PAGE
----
Somewhere along the way, the monsters waned again in admiration. These things that go bump in the night went out of style, but filmmakers have tried over and over again to bring them back to life in any number of ways. Big budget makeovers – like The Mummy (1999) and The Mummy Returns (2001) – certainly added a bit of studio gloss to the equation, but their successes have been the exception and not the rule. In fact, box office mega-star Tom Cruise’s The Mummy (2017) may very well have put this beloved phenomenon back to sleep for tentpole efforts, leaving the properties ripe for smaller(ish), quieter, independent efforts to pick up the baton and run with it.
Enter Werewolves Within (2021), a $6.5 million budgeted ensemble that was released in the summer of 2021.
Again, don’t get me wrong: as a critic, I make a concerted effort to evaluate what any storyteller provides as a finished product instead of rushing down that rabbit hole of what could’ve/should’ve/would’ve been, but I can’t help asking “Shouldn’t there be more werewolf in a Werewolves Within movie?” The usual trickery about hiding the beast for the big reveal offers shockingly little payoff here; when we’re finally treated to the creature of the title, it is almost laughable … and those of us who tuned in taking our monsters seriously are apt to be disappointed.
So if your indie feature doesn’t play to the usual themes indie viewers expect AND your monster movie serves up so little monster as if to insult the monster lovers, then what audience is your movie catering to exactly?
Therein lies the problem of Werewolves Within. It’s a film without a crowd, so it’s no wonder this one came and went from theaters as fast as it did.
This isn’t to say that I, personally, had no fun with the flick because I did. The funny and affable Sam Richardson makes great mileage here in what I think may be his very first leading role; his nice guy ranger Finn Wheeler fits in perfectly with the material provided, and I rooted for him to excel both professionally and personally just as he was put through the comic pacing. The fetching Milana Vayntrub gives a wonderful performance as the quirky postal worker Cecily Moore; she balances girl-next-door charm and effervescent flippancy here like a true master of her craft, and her work here ought to open doors for more roles (if any execs with brains are watching). And this handful of local yokels embrace their respective eccentricities with increasing delight, even up to the point of shaking off their scripted mortal coils. This is smart, character-driven comedy; and it works.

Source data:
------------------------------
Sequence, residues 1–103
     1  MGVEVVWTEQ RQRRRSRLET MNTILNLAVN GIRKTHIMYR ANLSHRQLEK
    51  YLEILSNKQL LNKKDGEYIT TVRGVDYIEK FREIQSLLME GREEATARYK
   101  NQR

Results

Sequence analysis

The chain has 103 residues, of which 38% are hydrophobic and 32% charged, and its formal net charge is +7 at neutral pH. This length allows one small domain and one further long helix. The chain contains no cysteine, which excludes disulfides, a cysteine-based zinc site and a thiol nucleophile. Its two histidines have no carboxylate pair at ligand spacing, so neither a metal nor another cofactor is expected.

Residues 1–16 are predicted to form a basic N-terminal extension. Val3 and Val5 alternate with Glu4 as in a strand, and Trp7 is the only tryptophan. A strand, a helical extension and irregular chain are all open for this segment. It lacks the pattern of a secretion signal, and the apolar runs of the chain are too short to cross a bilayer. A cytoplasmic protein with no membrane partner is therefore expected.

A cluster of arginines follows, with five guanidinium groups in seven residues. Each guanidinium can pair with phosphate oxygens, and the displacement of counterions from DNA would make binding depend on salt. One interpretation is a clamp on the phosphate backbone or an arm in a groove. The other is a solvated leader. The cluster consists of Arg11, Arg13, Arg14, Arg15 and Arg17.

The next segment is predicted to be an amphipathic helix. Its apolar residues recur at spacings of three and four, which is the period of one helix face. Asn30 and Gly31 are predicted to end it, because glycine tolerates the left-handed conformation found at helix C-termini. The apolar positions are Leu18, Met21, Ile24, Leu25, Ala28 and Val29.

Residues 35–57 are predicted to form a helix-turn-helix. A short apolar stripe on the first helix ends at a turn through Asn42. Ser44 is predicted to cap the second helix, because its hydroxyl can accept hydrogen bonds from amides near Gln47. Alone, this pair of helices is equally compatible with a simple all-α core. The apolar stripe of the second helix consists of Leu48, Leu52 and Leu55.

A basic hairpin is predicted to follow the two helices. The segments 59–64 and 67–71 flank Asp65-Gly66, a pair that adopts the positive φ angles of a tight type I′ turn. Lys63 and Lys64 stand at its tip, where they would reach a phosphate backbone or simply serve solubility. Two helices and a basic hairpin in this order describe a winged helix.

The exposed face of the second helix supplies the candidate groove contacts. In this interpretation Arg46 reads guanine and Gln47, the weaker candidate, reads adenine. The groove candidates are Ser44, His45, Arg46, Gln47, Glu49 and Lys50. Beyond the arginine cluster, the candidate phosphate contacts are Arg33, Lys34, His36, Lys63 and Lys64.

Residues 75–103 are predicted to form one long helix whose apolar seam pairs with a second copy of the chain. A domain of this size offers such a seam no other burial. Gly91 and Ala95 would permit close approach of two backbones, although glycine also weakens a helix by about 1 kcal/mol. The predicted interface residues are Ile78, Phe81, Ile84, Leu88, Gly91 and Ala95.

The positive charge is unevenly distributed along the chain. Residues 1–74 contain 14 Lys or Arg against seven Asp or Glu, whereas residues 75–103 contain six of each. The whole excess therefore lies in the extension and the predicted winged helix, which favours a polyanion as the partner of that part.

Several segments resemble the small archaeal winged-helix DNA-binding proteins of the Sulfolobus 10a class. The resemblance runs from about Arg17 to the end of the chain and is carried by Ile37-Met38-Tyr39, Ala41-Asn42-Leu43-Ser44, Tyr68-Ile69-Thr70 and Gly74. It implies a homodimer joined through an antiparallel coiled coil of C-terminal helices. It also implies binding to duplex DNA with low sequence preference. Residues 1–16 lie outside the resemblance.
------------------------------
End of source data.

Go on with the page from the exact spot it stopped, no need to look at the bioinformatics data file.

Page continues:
Still, I can’t shake the fact that what brings me to a werewolf movie is, alas, the seminal howler … and Werewolves Within was strikingly deficient in that respect. A bit of a miss.
Werewolves Within (2021) is produced by Ubisoft Film and Television, Ubisoft, Vanishing Angle. DVD distribution (for this particular release) is being handled by IFC Films. As for the technical specifications? The film looks and sounds fabulous from start-to-finish. As for the special features? Wow. Nothing. Zip. Zero. Zilch. An insulting miss.
Recommended. As imperfect as Werewolves Within is, there are enough good, solid laughs in here to divert your attention away from the missing monster moments; and I suspect the cast and crew had a lot of fun putting this particular mystery together for audiences. Though I’ll always be disappointed with the payoff, I can appreciate the small world charm of increasingly bizarre characters just trying to get out alive … and this cast delivers with the material provided. I just wanted more creature. Does that make me … a monster?
In the interests of fairness, I’m pleased to disclose that the fine folks at IFC Films provided me with a Blu-ray disc of Werewolves Within by request for the expressed purposes of completing this review; and their contribution to me in no way, shape, or form influenced my opinion of it.